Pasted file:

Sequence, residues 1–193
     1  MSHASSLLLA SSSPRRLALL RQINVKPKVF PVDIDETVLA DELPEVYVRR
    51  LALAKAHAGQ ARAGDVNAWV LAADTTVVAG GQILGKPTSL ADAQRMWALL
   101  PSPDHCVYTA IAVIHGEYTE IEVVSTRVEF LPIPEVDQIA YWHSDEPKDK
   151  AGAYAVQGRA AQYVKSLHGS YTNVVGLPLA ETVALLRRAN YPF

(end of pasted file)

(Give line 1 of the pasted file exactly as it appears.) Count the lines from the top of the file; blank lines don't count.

Sequence, residues 1–193